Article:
Happy Jasta  ·  25 June,  2024

Seven Traditional Earthquake-Resistant Architecture Styles From Around The World 

Image: www.bnomadic.com

Mostly found in northern Himalayan regions of India, this local architecture style uses layers of interlocking wood beams reinforced with stones for strength and durability. Slates on the roof and woodcarvings add to the beauty of these structures.


Image: Kiki Mathawan

Taq is a traditional construction system once common in Kashmir, India. It is a timber-laced masonry building technique that can withstand earthquake. The walls are made of bricks or stones held together with thick mud mortar.


Image: Reddit

Similarly to Taq, the "Dhajji-Dewari" construction system also utilizes wooden beams placed vertically, horizontally and even at crossed angles. It is often utilized in Himachal Pradesh and Jammu & Kashmir regions of India.


Image: Airbnb

These circular houses with thatched roofs can often be seen in the desert area of Kutch, Gujrat in India. Their walls are made of bamboo sticks tied with grass ropes and coated with a plaster of cow dung and mud on the outside.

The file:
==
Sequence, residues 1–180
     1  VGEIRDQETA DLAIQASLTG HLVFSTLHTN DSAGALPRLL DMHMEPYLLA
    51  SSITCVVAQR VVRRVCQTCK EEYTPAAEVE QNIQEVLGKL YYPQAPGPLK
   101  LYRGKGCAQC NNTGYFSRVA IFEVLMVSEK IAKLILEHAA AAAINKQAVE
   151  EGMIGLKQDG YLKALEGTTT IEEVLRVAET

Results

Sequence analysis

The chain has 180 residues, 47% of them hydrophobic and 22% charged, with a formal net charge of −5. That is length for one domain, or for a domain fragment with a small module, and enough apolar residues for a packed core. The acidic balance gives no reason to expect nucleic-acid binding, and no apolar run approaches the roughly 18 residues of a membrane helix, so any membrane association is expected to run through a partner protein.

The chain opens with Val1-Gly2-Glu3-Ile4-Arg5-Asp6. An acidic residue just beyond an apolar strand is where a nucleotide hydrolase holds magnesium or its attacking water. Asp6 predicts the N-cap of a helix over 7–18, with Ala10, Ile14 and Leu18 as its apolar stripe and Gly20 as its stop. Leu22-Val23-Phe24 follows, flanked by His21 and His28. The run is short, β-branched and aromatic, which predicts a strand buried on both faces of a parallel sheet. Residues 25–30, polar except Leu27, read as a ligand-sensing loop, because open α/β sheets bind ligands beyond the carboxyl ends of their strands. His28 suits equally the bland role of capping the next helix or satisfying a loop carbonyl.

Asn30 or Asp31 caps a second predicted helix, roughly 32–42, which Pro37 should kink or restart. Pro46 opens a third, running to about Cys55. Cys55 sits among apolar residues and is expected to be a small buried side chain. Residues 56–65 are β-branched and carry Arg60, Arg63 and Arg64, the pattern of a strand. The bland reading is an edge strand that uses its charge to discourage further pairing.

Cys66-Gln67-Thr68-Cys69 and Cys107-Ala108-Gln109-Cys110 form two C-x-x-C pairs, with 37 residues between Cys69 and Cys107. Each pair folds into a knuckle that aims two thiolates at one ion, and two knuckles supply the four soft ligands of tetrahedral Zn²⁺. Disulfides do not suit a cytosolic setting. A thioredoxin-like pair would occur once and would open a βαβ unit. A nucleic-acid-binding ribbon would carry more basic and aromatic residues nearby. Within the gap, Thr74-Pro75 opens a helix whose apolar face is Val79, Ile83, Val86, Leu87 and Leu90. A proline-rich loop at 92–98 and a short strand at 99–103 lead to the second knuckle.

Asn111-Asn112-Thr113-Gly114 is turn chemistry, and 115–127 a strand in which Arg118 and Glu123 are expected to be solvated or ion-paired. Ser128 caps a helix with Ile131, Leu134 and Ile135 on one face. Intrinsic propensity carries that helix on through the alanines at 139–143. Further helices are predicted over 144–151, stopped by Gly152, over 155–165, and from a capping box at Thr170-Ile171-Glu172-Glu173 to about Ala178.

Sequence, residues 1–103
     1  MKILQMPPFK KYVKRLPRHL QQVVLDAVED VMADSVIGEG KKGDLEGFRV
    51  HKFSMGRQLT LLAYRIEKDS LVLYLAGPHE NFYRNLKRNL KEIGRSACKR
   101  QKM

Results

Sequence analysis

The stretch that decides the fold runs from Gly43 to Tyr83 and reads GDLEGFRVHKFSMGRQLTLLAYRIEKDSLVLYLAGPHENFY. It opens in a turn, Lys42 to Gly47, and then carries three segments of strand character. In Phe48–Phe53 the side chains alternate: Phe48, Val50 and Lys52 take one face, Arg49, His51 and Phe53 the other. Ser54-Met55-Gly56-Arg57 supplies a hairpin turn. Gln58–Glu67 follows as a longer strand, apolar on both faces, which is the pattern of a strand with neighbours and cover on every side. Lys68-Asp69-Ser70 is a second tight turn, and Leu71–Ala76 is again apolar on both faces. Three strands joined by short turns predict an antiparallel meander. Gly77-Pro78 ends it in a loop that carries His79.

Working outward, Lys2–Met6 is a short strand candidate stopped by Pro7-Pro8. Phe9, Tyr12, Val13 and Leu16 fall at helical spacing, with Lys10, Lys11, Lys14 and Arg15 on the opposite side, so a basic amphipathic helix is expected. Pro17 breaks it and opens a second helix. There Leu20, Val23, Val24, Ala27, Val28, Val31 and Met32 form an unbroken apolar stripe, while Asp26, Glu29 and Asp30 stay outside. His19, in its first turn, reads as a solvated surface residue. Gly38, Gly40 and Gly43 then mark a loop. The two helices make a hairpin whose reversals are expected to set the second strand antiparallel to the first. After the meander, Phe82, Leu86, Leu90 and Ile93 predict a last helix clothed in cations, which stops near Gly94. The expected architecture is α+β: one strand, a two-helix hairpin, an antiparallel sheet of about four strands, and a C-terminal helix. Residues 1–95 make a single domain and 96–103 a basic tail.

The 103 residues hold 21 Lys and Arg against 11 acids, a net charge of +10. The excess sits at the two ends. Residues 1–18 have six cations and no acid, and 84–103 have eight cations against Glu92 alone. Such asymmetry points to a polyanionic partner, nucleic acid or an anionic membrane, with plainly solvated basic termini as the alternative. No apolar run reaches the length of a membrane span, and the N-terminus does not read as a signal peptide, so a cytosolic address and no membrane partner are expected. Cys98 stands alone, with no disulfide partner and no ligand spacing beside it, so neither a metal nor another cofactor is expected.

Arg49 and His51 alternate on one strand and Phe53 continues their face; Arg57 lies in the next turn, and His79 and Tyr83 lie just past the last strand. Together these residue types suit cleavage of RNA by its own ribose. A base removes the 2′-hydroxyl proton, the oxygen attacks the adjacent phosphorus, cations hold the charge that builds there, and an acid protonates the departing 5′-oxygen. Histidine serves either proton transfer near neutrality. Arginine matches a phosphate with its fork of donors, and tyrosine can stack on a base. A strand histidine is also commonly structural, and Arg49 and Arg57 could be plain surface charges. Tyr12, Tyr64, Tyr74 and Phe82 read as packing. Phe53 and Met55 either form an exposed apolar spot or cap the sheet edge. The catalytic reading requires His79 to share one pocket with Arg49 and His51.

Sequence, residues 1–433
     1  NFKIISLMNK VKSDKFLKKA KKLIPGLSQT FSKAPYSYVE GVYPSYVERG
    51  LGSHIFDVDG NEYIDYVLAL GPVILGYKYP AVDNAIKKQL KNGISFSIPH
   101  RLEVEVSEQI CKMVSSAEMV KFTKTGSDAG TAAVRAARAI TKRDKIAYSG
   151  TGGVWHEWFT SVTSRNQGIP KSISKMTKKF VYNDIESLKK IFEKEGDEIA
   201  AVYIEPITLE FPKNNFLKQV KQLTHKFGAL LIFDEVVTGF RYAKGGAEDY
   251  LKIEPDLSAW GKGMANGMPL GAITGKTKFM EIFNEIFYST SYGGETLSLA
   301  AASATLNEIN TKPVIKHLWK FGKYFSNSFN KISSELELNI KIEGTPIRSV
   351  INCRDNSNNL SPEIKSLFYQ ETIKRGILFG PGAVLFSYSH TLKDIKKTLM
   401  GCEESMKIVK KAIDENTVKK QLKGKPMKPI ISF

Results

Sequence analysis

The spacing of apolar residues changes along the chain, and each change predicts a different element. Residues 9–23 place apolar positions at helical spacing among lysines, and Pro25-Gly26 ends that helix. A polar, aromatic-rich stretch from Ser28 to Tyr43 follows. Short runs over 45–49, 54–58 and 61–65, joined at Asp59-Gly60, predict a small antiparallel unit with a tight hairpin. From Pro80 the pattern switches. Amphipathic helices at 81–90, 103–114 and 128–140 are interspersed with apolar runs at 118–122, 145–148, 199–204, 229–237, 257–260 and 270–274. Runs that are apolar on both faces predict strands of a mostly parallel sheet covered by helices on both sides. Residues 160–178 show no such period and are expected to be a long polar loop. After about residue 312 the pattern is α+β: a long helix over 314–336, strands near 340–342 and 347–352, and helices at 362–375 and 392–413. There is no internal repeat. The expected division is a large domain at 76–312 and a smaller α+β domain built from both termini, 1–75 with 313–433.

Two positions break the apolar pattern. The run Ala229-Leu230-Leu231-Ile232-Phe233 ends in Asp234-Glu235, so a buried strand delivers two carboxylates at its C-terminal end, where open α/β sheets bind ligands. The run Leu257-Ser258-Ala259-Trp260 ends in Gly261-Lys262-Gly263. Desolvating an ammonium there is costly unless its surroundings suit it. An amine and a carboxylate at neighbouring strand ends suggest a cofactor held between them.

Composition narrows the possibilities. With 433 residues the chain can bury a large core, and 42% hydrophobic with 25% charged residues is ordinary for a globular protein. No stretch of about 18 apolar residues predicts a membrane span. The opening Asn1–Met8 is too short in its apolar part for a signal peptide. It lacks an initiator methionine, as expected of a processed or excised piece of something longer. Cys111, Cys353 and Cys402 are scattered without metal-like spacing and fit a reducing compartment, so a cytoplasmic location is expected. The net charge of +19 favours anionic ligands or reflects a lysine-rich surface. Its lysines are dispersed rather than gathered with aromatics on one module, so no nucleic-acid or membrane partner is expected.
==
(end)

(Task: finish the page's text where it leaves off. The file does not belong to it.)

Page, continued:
Bunga House

Image: Instagram/gujarattourism

Found in Pakistan and Tajikistan, the Pamiri Houses are built of stones and mud plaster, with a flat roof and a skylight in the central area. There are five visible and nine hidden pillars supporting the roof.

Pamiri House

Image: Flickr/Yodod

This traditional house belonging to Sasak people of West Nusa Tenggara, Indonesia survived the 2018 earthquake of 7.5-magnitude. It is mainly composed of bamboo, straws, reeds, and wood.

Sasak House

The five-story pagoda at Horyu-ji Temple, Japan, often referred as one of the oldest wooden structures in the world, is a seismic wonder. Since its construction in 607 AD, it has survived earthquakes of a magnitude 7.0 or greater 46 times.


Image: Reddit